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Hassenbrook head won't rest on laurels following latest Ofsted judgement
THE headteacher of a secondary school which needs to improve has told of her determination to make things happen.
Hassenbrook Academy in Stanford-le-Hope has been found to “require improvement” by Ofsted inspectors who visited just before Christmas.
Michelle Bamber, who started as headteacher in September, said plans were in place to make improvements.
The school’s inspection came just 18 months after its last one in June 2012, when under the old framework the school was judged to be “satisfactory”.
On their visit in December, inspectors found:
*Some teaching requires improvement - or is inadequate.
*The quality of marking varies across subjects and students are not consistently shown how to reach the next steps and often do not make corrections pointed out by teachers.
*Although now rising, attendance is still slightly below the national average.
But the report also stated that “the new headteacher has acted swiftly to improve achievement and teaching, but has not yet had time to fully embed all her initiatives” - and that “governors are supportive and knowledgeable but recognise that there is still work to be done”.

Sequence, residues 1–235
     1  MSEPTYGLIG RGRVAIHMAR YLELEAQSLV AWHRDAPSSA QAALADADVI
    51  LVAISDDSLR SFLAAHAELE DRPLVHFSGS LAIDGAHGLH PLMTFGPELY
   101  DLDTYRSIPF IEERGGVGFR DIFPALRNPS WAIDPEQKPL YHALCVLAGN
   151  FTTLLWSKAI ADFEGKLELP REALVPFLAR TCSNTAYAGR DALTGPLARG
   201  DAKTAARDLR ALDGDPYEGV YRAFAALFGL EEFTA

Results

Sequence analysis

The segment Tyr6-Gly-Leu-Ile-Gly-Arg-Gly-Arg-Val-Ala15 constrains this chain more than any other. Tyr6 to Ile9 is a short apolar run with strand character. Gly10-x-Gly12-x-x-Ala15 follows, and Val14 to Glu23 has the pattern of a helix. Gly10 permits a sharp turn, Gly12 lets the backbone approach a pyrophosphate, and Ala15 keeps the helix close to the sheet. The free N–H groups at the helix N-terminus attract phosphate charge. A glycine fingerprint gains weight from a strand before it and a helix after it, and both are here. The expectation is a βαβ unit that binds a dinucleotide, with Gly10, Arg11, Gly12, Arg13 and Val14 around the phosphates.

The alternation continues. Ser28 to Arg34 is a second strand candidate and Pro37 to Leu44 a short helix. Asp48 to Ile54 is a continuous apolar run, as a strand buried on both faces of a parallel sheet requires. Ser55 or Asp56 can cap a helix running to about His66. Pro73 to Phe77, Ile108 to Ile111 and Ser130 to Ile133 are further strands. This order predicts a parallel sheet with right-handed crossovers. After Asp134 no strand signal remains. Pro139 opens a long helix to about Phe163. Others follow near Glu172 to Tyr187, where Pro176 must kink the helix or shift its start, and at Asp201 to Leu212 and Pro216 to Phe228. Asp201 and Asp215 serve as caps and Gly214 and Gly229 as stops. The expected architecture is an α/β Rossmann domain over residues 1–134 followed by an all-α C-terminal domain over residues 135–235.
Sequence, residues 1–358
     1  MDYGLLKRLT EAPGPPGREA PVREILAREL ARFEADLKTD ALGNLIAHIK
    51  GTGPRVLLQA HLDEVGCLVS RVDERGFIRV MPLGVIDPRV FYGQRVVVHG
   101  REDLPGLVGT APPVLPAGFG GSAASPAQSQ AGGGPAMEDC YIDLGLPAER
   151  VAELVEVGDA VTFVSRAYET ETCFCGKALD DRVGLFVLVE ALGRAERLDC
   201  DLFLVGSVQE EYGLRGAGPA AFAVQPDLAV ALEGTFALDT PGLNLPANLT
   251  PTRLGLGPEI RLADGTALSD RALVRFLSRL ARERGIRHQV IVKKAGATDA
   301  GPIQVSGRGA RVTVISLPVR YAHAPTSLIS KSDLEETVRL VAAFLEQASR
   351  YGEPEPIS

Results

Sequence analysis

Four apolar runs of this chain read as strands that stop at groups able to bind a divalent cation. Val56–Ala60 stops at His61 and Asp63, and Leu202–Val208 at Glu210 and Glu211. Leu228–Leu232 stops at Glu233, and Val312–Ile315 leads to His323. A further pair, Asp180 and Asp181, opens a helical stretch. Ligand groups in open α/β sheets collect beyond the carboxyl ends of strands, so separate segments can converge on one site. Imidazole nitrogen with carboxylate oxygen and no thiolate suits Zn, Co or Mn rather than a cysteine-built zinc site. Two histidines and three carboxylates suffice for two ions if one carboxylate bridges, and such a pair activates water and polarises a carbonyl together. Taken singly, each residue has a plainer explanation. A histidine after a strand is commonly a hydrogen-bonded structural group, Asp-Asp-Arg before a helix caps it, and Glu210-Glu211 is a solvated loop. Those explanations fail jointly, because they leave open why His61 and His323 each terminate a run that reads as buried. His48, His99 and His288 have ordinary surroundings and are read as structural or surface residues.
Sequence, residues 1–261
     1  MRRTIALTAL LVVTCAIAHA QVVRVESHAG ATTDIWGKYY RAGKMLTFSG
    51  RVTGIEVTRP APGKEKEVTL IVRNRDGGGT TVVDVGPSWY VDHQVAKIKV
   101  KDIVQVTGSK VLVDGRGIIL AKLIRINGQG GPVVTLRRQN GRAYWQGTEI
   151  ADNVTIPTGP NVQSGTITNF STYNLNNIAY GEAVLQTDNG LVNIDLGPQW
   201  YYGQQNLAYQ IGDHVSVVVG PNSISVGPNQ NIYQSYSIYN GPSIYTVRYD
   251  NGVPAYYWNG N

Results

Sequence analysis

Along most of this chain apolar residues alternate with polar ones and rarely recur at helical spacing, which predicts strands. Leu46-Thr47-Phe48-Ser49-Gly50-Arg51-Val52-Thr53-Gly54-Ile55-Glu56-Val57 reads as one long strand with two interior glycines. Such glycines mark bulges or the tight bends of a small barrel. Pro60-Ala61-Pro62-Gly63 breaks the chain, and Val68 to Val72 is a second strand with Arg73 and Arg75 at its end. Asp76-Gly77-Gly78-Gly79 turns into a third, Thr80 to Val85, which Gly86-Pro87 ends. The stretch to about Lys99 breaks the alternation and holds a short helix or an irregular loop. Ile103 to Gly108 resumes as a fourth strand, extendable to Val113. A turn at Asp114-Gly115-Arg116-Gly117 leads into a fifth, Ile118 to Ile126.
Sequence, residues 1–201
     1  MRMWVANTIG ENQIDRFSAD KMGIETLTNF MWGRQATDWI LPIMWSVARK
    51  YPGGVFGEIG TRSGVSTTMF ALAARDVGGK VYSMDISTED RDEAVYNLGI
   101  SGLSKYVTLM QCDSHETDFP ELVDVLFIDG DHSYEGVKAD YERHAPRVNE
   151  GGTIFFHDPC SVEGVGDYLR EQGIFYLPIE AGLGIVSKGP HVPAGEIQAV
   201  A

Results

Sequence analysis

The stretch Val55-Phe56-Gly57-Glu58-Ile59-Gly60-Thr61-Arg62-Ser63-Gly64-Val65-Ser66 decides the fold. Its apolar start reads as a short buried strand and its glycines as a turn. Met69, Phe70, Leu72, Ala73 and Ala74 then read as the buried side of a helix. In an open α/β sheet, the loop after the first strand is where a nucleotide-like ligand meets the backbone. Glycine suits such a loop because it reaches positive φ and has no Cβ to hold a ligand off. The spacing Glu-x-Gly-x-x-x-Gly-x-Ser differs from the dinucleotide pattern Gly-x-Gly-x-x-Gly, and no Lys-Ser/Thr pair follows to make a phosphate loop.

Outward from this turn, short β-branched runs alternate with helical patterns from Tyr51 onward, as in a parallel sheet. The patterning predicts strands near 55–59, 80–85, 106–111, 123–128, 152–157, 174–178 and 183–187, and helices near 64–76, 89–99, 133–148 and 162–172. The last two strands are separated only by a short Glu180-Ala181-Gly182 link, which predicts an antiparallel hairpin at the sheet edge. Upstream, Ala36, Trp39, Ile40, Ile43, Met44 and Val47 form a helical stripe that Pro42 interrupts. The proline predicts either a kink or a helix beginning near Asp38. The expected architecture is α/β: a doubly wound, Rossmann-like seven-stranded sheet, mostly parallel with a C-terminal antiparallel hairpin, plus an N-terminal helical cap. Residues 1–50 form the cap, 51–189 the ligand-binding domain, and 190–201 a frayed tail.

Mrs Bamber said: “Whilst we are disappointed that we have not achieved a “good” grade, the important point that should be highlighted is that Ofsted is confident the school has good capacity to improve.
“We have already taken steps to improve, through staff changes, added rigour in monitoring and accountability for making sure pupils and staff alike believe they can achieve the highest levels and to not be satisfied with a C grade.”
More than 600 pupils attend Hassenbrook, which became an academy in February 2012.
It is one of just two schools in Thurrock that is not graded good or outstanding.
However, most schools in the borough are yet to be inspected by Ofsted under the new “tougher” criteria, which came in to play in 2012.
Mrs Bamber added: “We are not going to waste time sulking about our grade or disputing where we have been judged.
“Of course we would liked to have been graded “good”. We weren’t but we will be really soon.
“Once we achieve that, we can take our next steps towards being “outstanding”.
“After all, that’s what I want for our pupils – to provide them with an outstanding education.”
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